• Training should focus on the working of government, the building of democracy and problems tied to social relations between men and women, and pertain to such topics as communications, campaign organisation, work with volunteers, medias and NGOs, and the role of political parties. One particularly important type of training involves learning how to examine the national budget so as to understand its different components and determine the extent to which it takes into account the needs of women.
  • Education programmes should convey the philosophy inherent in human rights, the fight against stereotyped roles, and should be followed by training components comprising elements of legal and political literacy.

26. It was suggested that a directory of institutions world-wide that are able to provide political training for women should be prepared, and it was likewise proposed that training manuals or modules for women politicians should be established. It was also pointed out that the use of local languages for such manuals, as indeed for the relevant national texts (electoral laws etc.), would be tools of great advantage, particularly in large societies which include diverse ethnic or linguistic communities. Several delegates mentioned the great importance of education and training in order to help women overcome the perceived lack of self-confidence which too often makes them reluctant to come forward into the political arena. Moreover, the importance of providing specialised training for political workers was also mentioned.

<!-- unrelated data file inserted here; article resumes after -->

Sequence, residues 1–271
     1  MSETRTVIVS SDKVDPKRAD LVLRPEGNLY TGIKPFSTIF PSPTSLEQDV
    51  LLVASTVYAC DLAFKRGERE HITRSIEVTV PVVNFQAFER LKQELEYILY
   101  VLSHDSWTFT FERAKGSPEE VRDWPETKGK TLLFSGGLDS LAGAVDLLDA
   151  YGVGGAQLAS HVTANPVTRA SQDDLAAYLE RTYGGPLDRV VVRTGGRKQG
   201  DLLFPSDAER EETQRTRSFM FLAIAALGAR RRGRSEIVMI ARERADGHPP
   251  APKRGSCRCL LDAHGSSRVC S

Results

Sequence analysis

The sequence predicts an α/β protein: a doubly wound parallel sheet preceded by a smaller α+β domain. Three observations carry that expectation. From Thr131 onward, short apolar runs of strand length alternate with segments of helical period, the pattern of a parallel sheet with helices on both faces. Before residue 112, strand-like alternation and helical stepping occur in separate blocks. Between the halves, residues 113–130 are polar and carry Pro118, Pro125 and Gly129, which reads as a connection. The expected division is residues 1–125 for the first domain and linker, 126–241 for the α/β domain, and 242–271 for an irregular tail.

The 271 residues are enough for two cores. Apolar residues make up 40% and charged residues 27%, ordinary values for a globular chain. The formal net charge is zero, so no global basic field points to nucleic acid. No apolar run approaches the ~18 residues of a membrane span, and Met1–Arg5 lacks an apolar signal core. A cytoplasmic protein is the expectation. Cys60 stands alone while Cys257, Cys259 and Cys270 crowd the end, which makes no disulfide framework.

27. We devoted much attention to the financing of women's electoral campaigns.

28. Many calls were made to reduce the exorbitant costs of campaigns. This would clearly level the playing field for women but would need to be closely monitored to ensure that limits are respected. Reductions could be achieved not only by placing a cap or ceiling on spending but also by shortening the time for campaigning. Some also argued for the introduction of reduced rates for the use of media time in campaigns.